City leaders and the land trust see this as a victory in a state where each new unit of housing construction can cost up to $1 million, according to a 2020 Los Angeles Times investigation.
“We have a deep anxiety about our home no matter where you are on the economic ladder right now,” said Leah Simon-Weisberg, chair of the rent board who has pushed back strongly on Ellis Act evictions, especially during the COVID-19 pandemic. “This project is about ‘we are not going to stand by while you suffer housing insecurity.'”
Mayor Jesse Arreguín, Councilmembers Sophie Hahn, Terry Taplin and Kate Harrison were also at the opening.
“This building is an example of the displacement crisis happening in our community,” Arreguin said. “On a personal level, having been evicted multiple times in my life, I know how scary and destabilizing it is to lose your house.”
Rent at the building will be between the range of $1,330 for a large one-bedroom, up to $2,572 for a large two-bedroom apartment, with three apartments limited to those earning less than 50% of the Area Median Income (around $50,000 for one person or $57,000 for two people) and seven units will be affordable at or below 80% of AMI (around $91,000 for two people).
Rents for still-occupied units and returning residents will range between $800 to $1,900.
Layers of loss for residents who weathered the process
Almost exactly three years after she moved out of the Solano Avenue building in 2019, Kim Martin walked through the renovated, sunbathed property and remembered her one-time home of 12 years. She pointed out her old unit (now under construction) and talked about memories of former tenants in the stairwells and hallways of the building.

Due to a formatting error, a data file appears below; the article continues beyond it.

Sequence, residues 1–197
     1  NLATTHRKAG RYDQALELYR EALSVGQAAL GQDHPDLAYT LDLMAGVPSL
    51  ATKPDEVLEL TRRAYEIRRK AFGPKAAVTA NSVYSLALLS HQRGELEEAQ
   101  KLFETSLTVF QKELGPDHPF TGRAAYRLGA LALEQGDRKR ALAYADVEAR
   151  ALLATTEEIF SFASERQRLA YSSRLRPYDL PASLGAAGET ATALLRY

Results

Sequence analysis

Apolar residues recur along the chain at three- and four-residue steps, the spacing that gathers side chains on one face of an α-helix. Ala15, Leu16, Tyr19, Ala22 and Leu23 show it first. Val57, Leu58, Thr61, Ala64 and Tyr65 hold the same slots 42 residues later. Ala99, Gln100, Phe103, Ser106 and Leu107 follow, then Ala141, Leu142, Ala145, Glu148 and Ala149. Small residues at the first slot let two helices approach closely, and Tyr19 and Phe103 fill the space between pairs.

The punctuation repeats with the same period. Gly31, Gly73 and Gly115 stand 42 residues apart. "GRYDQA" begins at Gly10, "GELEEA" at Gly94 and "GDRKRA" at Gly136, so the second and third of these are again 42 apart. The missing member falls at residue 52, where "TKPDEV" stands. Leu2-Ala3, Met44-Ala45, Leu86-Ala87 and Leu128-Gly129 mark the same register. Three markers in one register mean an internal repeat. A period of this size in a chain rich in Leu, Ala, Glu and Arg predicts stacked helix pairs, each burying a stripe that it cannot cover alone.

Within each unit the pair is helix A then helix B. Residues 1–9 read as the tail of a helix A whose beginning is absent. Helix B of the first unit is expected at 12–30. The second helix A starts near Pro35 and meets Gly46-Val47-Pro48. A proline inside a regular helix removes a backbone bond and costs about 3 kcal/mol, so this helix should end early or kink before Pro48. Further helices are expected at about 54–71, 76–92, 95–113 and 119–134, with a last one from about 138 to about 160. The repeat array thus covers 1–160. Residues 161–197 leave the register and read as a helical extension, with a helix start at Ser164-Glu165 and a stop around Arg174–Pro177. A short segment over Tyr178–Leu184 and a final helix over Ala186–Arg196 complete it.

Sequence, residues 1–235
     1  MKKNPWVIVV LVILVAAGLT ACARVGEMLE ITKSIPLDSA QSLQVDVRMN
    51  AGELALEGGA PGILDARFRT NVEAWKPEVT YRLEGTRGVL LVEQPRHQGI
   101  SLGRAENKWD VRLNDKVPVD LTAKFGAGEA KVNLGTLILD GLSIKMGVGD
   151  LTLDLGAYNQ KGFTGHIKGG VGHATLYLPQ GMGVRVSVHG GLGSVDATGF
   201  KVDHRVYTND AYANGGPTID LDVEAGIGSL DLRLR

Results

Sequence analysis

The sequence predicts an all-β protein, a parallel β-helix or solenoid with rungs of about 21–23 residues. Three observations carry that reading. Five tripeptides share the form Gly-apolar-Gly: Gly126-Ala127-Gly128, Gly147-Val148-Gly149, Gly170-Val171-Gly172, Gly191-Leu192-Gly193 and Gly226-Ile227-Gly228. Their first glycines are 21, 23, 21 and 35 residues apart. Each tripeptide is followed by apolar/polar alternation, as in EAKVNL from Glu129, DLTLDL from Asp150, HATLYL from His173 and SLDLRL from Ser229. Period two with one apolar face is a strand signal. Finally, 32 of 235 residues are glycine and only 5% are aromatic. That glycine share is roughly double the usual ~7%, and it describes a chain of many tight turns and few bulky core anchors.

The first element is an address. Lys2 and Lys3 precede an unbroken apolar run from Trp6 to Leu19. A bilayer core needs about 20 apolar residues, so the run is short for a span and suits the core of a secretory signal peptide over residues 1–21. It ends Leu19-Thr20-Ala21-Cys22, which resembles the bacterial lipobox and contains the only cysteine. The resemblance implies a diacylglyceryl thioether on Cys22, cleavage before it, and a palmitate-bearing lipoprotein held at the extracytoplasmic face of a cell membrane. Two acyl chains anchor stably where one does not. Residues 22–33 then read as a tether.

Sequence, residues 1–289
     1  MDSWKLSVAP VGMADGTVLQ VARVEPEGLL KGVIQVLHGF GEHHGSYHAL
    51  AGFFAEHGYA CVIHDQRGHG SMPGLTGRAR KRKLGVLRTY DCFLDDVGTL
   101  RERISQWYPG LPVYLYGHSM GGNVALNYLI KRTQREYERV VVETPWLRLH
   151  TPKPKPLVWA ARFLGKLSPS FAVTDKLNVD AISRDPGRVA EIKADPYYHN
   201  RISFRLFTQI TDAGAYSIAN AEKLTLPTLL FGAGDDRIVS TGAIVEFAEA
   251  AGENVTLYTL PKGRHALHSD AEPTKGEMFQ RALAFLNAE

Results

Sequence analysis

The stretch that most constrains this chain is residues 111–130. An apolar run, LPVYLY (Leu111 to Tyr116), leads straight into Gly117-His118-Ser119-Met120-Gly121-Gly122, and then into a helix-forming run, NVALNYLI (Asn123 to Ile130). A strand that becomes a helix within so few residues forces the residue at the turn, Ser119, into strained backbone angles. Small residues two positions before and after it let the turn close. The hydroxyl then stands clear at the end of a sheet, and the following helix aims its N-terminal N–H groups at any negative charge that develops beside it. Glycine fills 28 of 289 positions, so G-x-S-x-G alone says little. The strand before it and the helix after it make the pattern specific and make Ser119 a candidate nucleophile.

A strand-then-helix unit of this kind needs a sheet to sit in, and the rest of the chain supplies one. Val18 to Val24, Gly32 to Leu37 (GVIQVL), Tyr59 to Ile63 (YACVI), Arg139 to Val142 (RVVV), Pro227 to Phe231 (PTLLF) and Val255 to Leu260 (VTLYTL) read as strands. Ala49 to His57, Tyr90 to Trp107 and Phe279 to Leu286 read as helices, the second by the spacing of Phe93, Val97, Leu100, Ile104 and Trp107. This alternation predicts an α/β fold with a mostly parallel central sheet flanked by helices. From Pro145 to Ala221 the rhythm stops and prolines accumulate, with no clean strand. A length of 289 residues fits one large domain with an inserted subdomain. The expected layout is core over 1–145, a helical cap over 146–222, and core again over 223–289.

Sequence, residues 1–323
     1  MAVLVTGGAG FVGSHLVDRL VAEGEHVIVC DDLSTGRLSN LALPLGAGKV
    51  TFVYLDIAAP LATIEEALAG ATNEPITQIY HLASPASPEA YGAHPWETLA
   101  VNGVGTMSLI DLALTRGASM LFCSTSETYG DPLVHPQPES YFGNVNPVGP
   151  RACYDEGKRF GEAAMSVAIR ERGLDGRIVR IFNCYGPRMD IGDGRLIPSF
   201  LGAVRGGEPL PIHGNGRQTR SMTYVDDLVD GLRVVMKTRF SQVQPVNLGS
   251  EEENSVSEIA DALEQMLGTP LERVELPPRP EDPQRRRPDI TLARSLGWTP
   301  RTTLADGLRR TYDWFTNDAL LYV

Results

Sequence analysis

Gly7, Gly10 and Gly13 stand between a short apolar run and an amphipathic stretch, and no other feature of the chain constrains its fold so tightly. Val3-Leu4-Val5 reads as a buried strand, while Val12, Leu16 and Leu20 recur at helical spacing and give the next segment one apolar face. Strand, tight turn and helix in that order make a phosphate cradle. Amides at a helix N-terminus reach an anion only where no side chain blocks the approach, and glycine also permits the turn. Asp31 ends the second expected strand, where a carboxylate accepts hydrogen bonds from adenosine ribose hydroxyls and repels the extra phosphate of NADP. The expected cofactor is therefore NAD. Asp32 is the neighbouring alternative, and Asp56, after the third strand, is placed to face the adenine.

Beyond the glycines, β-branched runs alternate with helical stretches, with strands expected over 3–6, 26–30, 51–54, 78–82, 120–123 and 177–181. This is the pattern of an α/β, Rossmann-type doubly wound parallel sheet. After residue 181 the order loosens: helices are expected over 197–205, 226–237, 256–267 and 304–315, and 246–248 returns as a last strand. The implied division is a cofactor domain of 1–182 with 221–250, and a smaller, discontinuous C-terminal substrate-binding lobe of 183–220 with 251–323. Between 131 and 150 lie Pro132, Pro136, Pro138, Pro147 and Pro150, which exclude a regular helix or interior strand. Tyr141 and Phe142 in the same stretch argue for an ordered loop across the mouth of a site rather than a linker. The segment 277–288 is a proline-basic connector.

Months after the eviction was served and a majority of the tenants moved out of the building, the apartment community lost Margaret Cutter, an elderly tenant who stayed involved with the struggle through her last years.
She was 97 years old when she died in May 2020, and was known as the “Queen of Solano” during her time in Berkeley, according to her obituary. She was born and raised in Berkeley, attended Cal, worked in the aeronautical engineering industry and volunteered at UCSF Benioff Children’s Hospital Oakland in later years.
Before the eviction proceedings began, Martin said, she was pretty much a “good morning” and “good evening” neighbor who minded her own business. The struggle to stay in their apartment brought the residents a lot closer, especially over hours of community meetings and discussions, she said.
Cutter always stayed informed and involved in the ongoing proceedings as much as she could, even though she was 96 years old at the time and eventually moved into a care home on her own, Martin said. And at that age, Cutter always took the stairs.
Martin’s memories of Cutter weigh heavy, as well as the disruption of having to leave a home that she thought she would stay in for a long, long time.
She raised children as a single mother in the East Bay, and endured difficult rental environments for much of it before finding what she thought would be a peaceful, permanent home on Solano Avenue.
The process turned her into an advocate for others in her position but, like Said, she’s burnt out and doesn’t feel complete relief. Having her home back is the culmination of countless late-night meetings, research and what she described as a “monstrosity” of a process.
“I’m grateful to be returning back to the Solano Avenue apartments, but beyond that … knowing permanently affordable apartments have been preserved for eligible tenants for years to come gives me a warm feeling, it really does,” Martin said.